Groups team to test secure-coding skill
, SecurityFocus 2007-03-28
A coalition of security companies and organizations announced a plan this week to create assessment tests that would certify programmers' knowledge of secure-coding practices.
Steve Christey, editor of the Common Vulnerability and Exposures (CVE) Project, MITRE “Most educational institutions have failed to teach the most fundamental skills in making secure products.There needs to be a revolution. ”
The groups, led by the SANS Institute, aim to create a set of four tests covering major programming languages that could give companies a tool to measure software developers' ability to create secure code. The tests would also act as a guide to software buyers of the ability of the developers who created the programs, as well as give coders a way to identify gaps in their knowledge of secure programming techniques, said Alan Paller, director of research for the SANS Institute.
"If we are ever going to get ahead of the security problem, we are going to have to take care of the bugs at the development level," Paller said during a conference call with reporters. "There are at least a million and a half people writing programs, and they all need to know this stuff."
Dubbed the Secure Programming Skills Assessment (SPSA), the initiative boasts the support of 362 companies, government agencies and universities, according to the SANS Institute. Among the participants are government contractor MITRE, University of California at Davis, Web security firm SPI Dynamics, code auditing firm Fortify Software, the Open Web Application Security Project (OWASP), and consulting firm Booz Allen & Hamilton. Symantec, the owner of SecurityFocus, has also voiced support for the assessment tests.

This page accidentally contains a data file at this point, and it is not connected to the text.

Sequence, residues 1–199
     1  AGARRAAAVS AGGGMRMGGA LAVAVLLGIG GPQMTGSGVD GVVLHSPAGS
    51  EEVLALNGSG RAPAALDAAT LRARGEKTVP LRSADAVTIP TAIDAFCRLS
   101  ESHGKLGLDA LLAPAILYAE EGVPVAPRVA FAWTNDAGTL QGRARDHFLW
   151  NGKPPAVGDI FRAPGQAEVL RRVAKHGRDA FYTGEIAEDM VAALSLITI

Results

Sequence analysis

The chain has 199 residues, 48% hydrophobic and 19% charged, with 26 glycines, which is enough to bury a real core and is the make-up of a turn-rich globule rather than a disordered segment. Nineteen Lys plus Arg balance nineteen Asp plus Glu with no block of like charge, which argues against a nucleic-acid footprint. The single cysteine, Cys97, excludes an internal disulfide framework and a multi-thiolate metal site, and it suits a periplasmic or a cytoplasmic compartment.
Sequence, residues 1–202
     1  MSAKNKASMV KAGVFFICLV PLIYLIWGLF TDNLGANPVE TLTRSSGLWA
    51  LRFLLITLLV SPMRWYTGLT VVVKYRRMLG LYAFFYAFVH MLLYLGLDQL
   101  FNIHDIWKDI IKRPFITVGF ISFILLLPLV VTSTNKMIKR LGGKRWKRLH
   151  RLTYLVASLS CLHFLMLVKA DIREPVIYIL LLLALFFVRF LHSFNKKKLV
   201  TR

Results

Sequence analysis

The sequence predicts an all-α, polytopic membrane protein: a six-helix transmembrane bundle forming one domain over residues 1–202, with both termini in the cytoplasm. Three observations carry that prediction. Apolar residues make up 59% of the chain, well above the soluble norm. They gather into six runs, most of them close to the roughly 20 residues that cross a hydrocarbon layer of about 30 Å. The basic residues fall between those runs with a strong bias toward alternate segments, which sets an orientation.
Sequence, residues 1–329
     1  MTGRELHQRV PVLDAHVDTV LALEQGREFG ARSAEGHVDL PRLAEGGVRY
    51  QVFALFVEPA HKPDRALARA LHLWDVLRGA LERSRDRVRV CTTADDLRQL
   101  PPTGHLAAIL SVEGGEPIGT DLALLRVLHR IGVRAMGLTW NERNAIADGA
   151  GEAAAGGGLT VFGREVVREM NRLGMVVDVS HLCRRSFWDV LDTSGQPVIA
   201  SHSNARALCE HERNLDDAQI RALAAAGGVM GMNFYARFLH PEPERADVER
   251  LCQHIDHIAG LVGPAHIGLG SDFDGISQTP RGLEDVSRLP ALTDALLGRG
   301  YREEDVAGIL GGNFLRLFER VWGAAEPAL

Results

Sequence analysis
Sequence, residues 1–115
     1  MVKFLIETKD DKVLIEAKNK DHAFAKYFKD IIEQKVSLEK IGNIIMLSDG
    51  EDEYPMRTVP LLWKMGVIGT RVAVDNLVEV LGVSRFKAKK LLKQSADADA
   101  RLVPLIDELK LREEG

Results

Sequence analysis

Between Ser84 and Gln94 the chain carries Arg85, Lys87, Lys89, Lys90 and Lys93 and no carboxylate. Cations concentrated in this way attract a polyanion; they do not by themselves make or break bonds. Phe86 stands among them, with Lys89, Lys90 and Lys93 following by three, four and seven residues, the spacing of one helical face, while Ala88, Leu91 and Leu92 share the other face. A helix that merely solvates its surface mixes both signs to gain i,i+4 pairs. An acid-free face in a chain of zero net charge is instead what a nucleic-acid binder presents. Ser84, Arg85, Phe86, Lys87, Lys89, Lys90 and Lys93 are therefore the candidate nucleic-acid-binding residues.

The initiative comes as software companies are increasingly being taken to task for the flaws in their programs. Researchers have used month-long release of daily bugs to highlight the security issues in particular classes of software, specific areas of the operating system and specific languages.
Different programming languages hold different pitfalls for programmers. Web applications written in the PHP programming language, for example, likely account for about 43 percent of the more than 8,000 vulnerabilities recorded in 2006. While developers using languages such as Java tend to create more secure code, a recent study found that sample programs provided with large Java-based projects still contain a significant number of bugs.
According to the SANS Institute , nearly 85 percent of all vulnerabilities are due to three common developer errors: input validation, buffer overflows and integer overflows.
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